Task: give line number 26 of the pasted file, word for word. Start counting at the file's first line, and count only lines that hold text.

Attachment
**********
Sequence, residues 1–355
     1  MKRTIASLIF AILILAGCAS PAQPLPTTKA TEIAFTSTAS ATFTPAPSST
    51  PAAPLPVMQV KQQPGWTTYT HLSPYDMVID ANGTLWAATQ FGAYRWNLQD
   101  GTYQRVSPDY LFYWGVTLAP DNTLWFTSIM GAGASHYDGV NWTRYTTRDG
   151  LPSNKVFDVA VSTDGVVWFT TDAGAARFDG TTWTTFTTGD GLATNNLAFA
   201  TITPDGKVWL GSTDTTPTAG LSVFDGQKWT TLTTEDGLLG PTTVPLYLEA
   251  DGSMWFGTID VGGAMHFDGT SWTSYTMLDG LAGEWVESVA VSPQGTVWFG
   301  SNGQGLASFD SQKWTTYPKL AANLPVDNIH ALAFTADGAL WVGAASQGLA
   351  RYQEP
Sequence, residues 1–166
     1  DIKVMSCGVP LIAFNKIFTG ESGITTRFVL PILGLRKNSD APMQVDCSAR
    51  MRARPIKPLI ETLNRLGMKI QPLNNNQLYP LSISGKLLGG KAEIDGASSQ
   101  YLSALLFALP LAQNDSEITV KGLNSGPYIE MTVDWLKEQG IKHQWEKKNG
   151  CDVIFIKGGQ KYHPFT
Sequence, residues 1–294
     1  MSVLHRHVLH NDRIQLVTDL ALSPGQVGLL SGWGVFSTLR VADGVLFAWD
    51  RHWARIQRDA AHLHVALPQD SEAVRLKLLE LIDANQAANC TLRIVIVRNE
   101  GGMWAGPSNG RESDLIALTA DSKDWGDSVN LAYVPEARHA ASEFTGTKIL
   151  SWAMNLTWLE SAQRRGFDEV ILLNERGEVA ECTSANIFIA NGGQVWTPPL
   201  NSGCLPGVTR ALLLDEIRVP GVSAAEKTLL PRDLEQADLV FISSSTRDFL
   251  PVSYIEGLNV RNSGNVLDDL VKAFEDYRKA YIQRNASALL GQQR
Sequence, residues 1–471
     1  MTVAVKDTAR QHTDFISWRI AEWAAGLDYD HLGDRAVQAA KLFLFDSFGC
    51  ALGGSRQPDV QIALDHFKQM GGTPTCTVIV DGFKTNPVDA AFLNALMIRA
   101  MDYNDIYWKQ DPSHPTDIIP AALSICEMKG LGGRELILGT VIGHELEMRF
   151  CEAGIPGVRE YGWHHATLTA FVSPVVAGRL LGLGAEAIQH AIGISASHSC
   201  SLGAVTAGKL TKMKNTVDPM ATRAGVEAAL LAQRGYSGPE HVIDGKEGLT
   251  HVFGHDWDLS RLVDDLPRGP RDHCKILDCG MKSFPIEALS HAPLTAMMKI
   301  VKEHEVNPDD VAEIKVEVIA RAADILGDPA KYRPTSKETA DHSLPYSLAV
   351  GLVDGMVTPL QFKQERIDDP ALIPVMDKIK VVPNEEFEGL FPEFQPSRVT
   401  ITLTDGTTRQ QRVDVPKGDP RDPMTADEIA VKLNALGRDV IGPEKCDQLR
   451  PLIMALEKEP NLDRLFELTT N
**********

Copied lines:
   151  CEAGIPGVRE YGWHHATLTA FVSPVVAGRL LGLGAEAIQH AIGISASHSC